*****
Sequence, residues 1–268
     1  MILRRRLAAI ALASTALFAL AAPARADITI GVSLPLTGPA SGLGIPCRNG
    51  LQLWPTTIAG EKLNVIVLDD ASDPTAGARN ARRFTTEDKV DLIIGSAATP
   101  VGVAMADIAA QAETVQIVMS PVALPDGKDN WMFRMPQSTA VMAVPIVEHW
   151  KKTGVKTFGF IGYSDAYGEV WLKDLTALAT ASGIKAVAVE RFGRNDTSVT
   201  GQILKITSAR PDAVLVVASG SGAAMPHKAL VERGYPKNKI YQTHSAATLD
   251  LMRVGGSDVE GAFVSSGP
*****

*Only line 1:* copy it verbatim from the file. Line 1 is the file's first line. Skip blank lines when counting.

Sequence, residues 1–268